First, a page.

John Conway first theorized that it would be impossible to create a forever-expanding universe using these rules, which was proven wrong by a team at MIT, creating the “glider gun,” which is featured in the third gif.
Since then, thanks to computers, people all over the world have added new designs to the database, creating amazingly complex designs.
For example Andrew J. Wade created a design which replicates itself every 34 million generations! Furthermore it is also a spaceship (permanently moving pattern) and not only that, it was also the first spaceship that did not travel purely diagonally or horizontally/vertically! These types of spaceships are now appropriately named Knightships.
The simulation has some interesting properties, for example it has a theoretical maximum speed information can travel. Or simply, light speed - as that is the limit in our own universe. The limit is set to 1 cell per generation - after all how can you create something further than 1 cell away in one generation if you can only effect your immediate neighbours? And yet you can get things like the ‘stargate’ (Love the name, huge SG fan here.) which allows a space ship to travel 11 cells in just 6 generations.
Some smart people have even designed calculators, prime number generators and other incredibly complex patterns.
You can create your own patterns here: http://www.bitstorm.org/gameoflife/
All gifs were made from this video: https://www.youtube.com/watch?v=C2vgICfQawE
Im back at uni and my room is full of spiders and flies. There is a pile of tiny dead flies near my window. Webs are in every corner and these spiders have tiny bodies but really long legs. In fact, there are spiders everywhere in this house. One massive one in the bathtub just chilling. Its true, city spiders are getting bigger! How do they get here?!
I really like insects, bugs and spiders but not really touching them.. wonder why so people are scared of them though???
#daddy long legs
I know its bad but I squished this daddy long legs but before that I had whacked it a couple times. And after a while that crazy motherfucker is still buzzing about in the plastic bag inside the bin, inching its way closer to the top to fly back out. This guy is immortal and massive and scary as hell.
Baby crested black macaques! One man’s mission to save these endangered primates on Nature on PBS http://to.pbs.org/1gdsUHX ”The Funkiest Monkeys” on Jan. 29
To hold you over till Jan. 29th, read up on the behavior of these amazing macaques at Primate Factsheets.
"Astronomy compels the soul to look upward, and leads us from this world to another."
3d Marker Drawn Murals and Impressive Installations
Marker Installations by Heike Weber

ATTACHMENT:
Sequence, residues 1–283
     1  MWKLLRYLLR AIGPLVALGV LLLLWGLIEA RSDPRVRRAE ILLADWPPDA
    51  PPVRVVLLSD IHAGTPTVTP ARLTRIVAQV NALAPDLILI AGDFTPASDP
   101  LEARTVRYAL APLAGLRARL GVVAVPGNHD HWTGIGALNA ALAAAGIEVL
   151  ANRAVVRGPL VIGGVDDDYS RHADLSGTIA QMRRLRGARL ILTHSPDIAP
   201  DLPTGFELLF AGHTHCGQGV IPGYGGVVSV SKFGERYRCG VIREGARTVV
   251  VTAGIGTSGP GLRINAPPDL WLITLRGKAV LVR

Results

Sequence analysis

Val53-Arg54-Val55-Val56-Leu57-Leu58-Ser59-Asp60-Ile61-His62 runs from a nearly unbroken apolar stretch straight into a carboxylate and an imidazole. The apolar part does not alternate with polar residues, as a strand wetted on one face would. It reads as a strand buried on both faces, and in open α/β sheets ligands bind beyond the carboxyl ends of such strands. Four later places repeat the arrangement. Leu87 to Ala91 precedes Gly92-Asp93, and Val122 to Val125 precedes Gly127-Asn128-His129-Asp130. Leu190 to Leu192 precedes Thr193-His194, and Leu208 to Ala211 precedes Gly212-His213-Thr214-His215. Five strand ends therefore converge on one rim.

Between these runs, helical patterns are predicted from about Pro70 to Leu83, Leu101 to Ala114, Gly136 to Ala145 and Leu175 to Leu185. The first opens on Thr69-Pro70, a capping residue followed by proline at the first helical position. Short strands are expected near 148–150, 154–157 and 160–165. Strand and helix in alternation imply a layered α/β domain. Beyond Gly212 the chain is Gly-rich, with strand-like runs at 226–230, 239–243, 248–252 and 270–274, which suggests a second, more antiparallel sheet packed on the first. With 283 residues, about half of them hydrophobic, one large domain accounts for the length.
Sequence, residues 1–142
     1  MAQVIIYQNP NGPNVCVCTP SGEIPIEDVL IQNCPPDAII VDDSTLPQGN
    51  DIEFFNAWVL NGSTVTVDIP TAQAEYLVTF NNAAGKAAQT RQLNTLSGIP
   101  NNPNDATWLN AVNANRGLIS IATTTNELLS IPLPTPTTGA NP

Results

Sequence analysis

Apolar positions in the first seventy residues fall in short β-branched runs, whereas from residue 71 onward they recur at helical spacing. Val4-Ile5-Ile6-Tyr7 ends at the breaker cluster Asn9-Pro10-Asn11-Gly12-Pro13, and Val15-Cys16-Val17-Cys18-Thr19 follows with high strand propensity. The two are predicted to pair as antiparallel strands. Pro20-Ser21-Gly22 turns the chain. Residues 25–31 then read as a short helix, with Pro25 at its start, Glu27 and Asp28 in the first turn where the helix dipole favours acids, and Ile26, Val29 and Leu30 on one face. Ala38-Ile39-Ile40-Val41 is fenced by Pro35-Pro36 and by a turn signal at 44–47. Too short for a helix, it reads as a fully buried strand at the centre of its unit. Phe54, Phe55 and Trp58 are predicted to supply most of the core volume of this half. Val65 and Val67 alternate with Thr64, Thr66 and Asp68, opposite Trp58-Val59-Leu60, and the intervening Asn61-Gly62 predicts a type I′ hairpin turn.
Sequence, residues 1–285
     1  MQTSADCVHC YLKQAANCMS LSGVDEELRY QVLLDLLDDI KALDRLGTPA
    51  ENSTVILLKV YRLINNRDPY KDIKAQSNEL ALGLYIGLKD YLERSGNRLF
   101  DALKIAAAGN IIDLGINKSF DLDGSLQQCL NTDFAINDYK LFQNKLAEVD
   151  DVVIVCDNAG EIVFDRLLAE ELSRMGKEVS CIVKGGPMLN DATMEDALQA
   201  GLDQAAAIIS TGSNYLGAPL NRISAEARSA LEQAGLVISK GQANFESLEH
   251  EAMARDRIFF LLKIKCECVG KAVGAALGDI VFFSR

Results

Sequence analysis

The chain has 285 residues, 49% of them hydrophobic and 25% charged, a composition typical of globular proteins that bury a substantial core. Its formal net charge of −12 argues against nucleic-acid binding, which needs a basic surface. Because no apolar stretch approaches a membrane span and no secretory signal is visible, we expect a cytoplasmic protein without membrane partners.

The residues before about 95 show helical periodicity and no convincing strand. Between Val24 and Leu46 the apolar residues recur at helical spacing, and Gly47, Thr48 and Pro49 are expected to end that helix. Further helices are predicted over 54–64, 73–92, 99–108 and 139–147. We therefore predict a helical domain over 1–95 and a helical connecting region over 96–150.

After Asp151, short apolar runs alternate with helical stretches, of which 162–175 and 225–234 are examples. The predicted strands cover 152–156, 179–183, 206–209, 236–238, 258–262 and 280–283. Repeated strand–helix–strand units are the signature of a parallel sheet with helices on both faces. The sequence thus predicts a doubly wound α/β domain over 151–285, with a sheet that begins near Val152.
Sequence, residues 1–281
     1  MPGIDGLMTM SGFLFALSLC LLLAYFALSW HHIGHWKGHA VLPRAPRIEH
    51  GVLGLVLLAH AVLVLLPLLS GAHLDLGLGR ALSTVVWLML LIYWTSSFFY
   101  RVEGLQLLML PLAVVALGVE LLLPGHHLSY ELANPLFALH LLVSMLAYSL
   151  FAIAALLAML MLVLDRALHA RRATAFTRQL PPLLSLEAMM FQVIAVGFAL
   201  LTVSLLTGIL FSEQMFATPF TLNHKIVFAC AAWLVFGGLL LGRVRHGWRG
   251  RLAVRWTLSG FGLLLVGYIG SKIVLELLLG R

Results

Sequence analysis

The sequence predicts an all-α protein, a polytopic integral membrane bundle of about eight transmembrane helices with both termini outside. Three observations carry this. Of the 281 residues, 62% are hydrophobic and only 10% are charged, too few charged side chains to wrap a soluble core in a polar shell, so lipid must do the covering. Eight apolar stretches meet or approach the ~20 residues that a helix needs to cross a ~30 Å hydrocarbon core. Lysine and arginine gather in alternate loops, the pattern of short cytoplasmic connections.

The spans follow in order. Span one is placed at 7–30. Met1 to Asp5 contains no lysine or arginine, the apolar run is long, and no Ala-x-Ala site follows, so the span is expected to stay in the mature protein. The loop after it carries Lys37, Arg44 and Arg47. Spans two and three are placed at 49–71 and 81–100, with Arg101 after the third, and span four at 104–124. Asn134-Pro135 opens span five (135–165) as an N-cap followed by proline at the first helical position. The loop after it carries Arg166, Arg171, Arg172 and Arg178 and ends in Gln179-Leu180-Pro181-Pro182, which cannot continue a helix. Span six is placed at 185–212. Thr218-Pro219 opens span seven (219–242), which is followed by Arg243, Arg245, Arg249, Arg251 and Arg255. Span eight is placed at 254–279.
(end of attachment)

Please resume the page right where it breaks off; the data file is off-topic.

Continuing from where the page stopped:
2007, paintmarker on polystyrol, videoloop 465 x 465 x 270 cm, Transfer Türkiye-NRW, Museum Bochum
Germany-based artist Heike Weber needs only two tools in her work: permanent markers and endless patience. The artist decorates large spaces by tracing thousands of loopy lines on the walls, floor, and sometimes even the ceiling. Some of her installations measure around 5000 ft!
Heike starts her work by drawing the pattern on a sheet of paper, and then transfers it onto the surface. By carefully adjusting the white spaces, she gives a feeling as if the room is swirling. Aren’t you getting dizzy just looking at them?
photo: Carl-Victor Dahmen
"I don’t have any dreams. What’s the point? I’m poor. I don’t have any skills. I wash the utensils in the kitchen— that’s what I do. But I like the girls I work with. We make fun together. I tell jokes. They tell jokes. I’m happy— it’s in my nature."
(New Delhi, India)
"Tok nid acsion, ip no acsion, no tok"
Animals Painted On Delicate Feather Canvases by Jamie Homeister
Jamie Homeister, a folk artist from New Albany, Indiana, paints exquisite portraits of animals and birds on the most unusual canvas – feathers. Her magnificent featherwork is influenced by her Canadian heritage, but she also depicts themes from Native American culture.
Jamie receives the feather that she works on from the people who commission her to paint images of their birds – the same ones that actually shed the feathers. “I do much of it by commission – many of my parrot-feather paintings depict the parrots from whom the feathers themselves fell,” the artist explains.
“I’ve always been intrigued by the lifestyles of all those who walked this Earth before us, so feather painting just always made sense to me,” Jamie said. “Featherwork is incredibly humbling media. The feathers splice, buckle, splinter and shed under the weight of paint.”